Re: To Donna, Re: Chuck & Alexis
Jun 03, 1996 11:06 PM
by alexis dolgorukii
At 01:49 PM 6/3/96 -0400, you wrote:
>At 02:12 AM 6/3/96 -0400, you wrote:
>>Both the Bishop and Annie Besant are long passed away, but their influence
>>on the society, which I view as pernicious, has not.
>I have a special interest in Annie Besant and her writings. So far I have
>seen some psychic elements of influence that came through her and that I
>would agree were pernicious, but I haven't seen this in her writings. Can
>you give examples?
Surely, however, I said that "her influence was pernicious" and her
influence did not come from her writings. So then, let's start with
something far more important than her writings. Bjorn, are you aware that
Mrs. Besant was associated with Baron Julius D'Evola, and through him with
Mussolini whom she invited to write articles for "The Herald of The East"?(
He complied) If she was associated with Evola she was associated (at least
peripherally) with Rene Guenon who was a major opponent of theosophy. Can
this not be seen as "pernicious"?
Secondly; it is my belief that in her role as "Outer Head" of the Esoteric
Section, she set in motion an element that is in the process of dooming the
theosophical movement. Now, as to her writings: How familiar with the work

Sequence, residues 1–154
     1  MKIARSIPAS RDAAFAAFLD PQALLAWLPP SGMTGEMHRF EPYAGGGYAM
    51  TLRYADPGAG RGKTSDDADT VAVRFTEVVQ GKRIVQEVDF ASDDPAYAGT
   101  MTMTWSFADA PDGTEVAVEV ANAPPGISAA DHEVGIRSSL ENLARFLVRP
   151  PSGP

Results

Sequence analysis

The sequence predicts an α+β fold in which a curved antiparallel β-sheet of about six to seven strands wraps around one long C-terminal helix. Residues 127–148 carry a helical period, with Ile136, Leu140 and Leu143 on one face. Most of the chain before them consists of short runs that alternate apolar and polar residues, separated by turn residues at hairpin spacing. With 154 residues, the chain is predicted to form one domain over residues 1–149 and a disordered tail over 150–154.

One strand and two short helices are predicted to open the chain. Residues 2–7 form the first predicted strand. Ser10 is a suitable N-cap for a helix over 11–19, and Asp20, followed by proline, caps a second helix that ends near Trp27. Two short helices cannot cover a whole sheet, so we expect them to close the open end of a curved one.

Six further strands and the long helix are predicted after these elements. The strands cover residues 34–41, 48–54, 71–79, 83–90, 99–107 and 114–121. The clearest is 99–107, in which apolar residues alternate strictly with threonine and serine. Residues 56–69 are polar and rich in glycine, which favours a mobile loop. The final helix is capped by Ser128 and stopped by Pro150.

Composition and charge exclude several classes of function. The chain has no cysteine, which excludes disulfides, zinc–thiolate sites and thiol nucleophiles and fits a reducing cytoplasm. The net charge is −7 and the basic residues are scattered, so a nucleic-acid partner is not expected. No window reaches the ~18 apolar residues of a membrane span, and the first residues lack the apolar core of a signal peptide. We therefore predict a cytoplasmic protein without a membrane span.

of Charles W. Leadbeater are you? I would suggest that you read his work and
her work in a comparative manner and see if you can actually tell when
Leadbeater leaves off and Mrs. Besant becomes original. The only writings of
Mrs. Besant which I believe to be original with her were her political
books, tracts,editorials, and pamphlets. Here a personality other than
Leadbeater's shines through. Mrs. Besant, although I believe her to be a
totalitarian, was a brilliant politician. It was allowing her name and
prestige to be attached to books I very much doubt she actually wrote
herself, that is pernicious. Actually Leadbeater's books are better written
as they, at least,no matter whether they are valid or not, are distinctly
original and much the better written.
Thirdly: She could, but didn't prevent the Krishnamurti Debacle. That is the
most pernicious of all.
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